Evergreen shrubs are a must-have for all gardens. They provide color over the grey winter months, add structure to an outdoor space and act as a base for colourful flowers and plants in spring and summer.
However, not all evergreen shrubs are created equal. Some are incredibly popular because they grow well in the local climate, while others are sought after because their dense leaves are excellent for privacy screening. These popular evergreens are seen all over the country and sometimes seem ubiquitous, which is why it’s a good idea to incorporate some more unusual species into your garden design.
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What is an Evergreen Shrub?
Shrubs are woody garden plants that can grow to be quite large. An evergreen shrub keeps its foliage throughout the year. While deciduous plants and trees lose their foliage in autumn, evergreens don’t drop their leaves or needles at any time of year. Once established, evergreen shrubs are usually hardy plants that are low maintenance and easy to care for.
Evergreens really show their value in winter, when many other plants have died or become bare for the dormant season. Evergreen shrubs can be used for hedging, clipped into decorative topiary shapes, placed towards the back of borders, scrambled over fences and walls or as a standalone feature.
Flowering Evergreen Shrubs
Better known as the Chile lantern tree, this is a medium-sized shrub or small tree with narrow dark green leaves and a bushy growth habit. It gets its name from the lantern-shaped flowers that bloom from late spring to mid-summer. These unusual crimson-pink flowers dangle from the branches and bring an exotic air to the garden.
Crinodendron hookerianum prefers a spot where it can soak up full or partial sun and grows best in acidic, well-draining soil. Plant this evergreen shrub in a sheltered area away from chilly wind and provide additional frost protection during the coldest months of the year.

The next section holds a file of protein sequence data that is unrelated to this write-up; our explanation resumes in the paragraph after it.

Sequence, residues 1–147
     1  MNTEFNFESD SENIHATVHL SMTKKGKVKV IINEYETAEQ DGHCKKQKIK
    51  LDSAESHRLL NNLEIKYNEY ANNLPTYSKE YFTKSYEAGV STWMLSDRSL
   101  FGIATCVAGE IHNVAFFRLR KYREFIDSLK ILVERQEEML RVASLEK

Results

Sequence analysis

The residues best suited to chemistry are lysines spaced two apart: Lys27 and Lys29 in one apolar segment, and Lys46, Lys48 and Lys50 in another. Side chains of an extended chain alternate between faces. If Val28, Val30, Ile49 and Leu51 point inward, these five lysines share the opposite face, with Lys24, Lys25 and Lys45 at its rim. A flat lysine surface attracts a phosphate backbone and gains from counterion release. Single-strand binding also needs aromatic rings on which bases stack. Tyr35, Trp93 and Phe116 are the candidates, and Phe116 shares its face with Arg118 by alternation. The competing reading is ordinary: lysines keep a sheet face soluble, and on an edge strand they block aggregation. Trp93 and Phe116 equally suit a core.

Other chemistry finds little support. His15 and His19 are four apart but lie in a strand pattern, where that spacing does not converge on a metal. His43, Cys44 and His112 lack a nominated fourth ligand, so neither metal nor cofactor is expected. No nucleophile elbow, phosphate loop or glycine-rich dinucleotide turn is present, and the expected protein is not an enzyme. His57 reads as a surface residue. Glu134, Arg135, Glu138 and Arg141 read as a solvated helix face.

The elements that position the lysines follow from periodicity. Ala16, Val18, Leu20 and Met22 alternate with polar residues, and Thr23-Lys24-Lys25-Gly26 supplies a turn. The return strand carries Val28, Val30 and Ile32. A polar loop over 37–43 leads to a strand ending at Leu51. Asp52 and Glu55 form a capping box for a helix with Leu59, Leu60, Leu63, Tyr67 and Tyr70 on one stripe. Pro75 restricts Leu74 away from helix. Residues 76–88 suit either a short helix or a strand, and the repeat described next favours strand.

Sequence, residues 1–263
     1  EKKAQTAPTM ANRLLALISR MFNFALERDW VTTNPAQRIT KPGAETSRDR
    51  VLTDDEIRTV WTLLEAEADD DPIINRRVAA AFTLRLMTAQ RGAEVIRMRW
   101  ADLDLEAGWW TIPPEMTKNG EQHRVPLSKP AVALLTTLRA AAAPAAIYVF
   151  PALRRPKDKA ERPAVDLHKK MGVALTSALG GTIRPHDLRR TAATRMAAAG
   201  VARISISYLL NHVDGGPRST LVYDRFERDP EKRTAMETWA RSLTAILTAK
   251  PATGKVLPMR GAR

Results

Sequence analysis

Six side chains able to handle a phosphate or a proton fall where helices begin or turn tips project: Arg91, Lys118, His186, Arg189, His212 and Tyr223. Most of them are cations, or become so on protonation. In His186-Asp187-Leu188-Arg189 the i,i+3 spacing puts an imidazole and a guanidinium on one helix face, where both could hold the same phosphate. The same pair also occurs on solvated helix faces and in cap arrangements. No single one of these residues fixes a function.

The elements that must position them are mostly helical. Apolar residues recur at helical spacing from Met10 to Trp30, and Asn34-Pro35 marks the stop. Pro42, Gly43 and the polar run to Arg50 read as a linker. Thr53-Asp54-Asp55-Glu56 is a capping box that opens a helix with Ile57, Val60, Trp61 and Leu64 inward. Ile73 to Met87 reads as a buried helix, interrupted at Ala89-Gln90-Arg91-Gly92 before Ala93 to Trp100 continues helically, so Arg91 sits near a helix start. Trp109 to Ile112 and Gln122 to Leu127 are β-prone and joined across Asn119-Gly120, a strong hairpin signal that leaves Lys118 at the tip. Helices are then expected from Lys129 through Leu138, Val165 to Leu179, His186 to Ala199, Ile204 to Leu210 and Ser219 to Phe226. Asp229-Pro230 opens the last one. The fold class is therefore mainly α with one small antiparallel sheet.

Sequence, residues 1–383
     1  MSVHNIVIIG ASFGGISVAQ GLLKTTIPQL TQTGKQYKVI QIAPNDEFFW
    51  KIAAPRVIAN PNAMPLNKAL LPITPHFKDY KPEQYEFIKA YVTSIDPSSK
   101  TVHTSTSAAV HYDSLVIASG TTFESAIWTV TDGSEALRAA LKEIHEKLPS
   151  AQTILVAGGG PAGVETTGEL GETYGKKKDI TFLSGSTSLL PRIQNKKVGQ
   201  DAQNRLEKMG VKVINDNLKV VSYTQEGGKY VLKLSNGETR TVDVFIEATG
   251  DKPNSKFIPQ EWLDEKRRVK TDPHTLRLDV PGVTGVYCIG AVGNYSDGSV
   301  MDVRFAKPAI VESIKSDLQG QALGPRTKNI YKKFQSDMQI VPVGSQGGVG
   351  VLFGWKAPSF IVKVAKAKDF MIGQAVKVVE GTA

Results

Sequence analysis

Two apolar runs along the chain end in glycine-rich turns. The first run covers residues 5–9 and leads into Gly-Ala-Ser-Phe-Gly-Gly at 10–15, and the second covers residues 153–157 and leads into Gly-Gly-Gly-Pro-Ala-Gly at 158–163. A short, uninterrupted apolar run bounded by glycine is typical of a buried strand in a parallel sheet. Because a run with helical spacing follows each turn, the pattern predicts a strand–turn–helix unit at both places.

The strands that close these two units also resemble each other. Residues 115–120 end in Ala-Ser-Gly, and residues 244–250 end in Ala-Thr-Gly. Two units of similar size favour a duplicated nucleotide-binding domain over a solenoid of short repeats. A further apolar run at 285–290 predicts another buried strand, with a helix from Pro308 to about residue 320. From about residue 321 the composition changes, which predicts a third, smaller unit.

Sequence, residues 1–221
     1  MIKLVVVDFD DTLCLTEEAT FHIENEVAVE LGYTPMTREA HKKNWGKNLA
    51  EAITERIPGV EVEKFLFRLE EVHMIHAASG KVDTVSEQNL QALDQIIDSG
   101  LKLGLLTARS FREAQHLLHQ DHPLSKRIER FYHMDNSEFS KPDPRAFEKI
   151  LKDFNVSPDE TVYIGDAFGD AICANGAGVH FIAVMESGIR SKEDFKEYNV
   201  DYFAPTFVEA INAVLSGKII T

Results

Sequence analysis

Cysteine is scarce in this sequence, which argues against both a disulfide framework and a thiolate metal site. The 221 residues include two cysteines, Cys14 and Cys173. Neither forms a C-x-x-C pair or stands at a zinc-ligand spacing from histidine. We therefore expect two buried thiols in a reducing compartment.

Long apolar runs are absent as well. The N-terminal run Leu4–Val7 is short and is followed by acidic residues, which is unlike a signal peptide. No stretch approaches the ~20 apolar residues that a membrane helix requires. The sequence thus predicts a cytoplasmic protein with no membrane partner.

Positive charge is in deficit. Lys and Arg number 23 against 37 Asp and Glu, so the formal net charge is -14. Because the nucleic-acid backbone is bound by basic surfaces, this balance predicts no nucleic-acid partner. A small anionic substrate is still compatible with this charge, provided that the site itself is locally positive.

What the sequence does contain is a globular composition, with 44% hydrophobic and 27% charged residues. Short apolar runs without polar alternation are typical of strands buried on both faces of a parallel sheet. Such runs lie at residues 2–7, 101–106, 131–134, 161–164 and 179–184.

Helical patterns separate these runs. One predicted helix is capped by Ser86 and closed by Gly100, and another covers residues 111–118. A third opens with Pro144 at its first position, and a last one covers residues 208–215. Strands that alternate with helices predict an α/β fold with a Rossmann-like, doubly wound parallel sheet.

Flowering from January to March, a mahonia shrub is an excellent way to bring late winter cheer to the garden when everything else looks drab. The fragrant yellow flowers look like azaleas, grow on spikes and are a magnet for early pollinators. They are followed by black or purple berries in early spring.
Mahonias are low-maintenance shrubs that are happy in most well-draining soil types. They are hardy in the UK and only need watered during particularly dry spells of weather. Perfect for brightening up a dark spot, these winter-flowering shrubs prefer a spot in dappled shade.
Excellent for providing ground cover, creeping cotoneaster grows up to a foot tall and 5 feet wide. It features small leaves of glossy green and bears white blooms in summer. These flowers are followed by pink-red berries that remain on the shrub well into the new year. It’s easy to see why this prostate shrub is often called queen of carpets.
Plant creeping cotoneaster in full or partial sun for the best show of flowers. This shrub grows well in most free-draining soil types and survives temperatures as low as -20°C. It’s worth noting that many varieties of cotoneaster can be invasive, so it’s important to ensure it doesn’t spread outside your garden.
Also known as firethorn, pyracantha blooms clusters of small, fragrant white flowers from spring to mid-summer. These are followed by shiny red, orange or yellow berries that remain in place throughout autumn and winter. Pyracantha grows to around 12 feet tall and wide, but it responds well to pruning, making it suitable for any size of space.
This attractive evergreen shrub grows well in most soil types as long as the ground doesn’t get waterlogged. It prefers full sun or partial shade and can be grown as hedging, a standalone shrub, or trained to climb a trellis.
Evergreen Shrubs with Interesting Foliage
Dwarf Japanese Cedar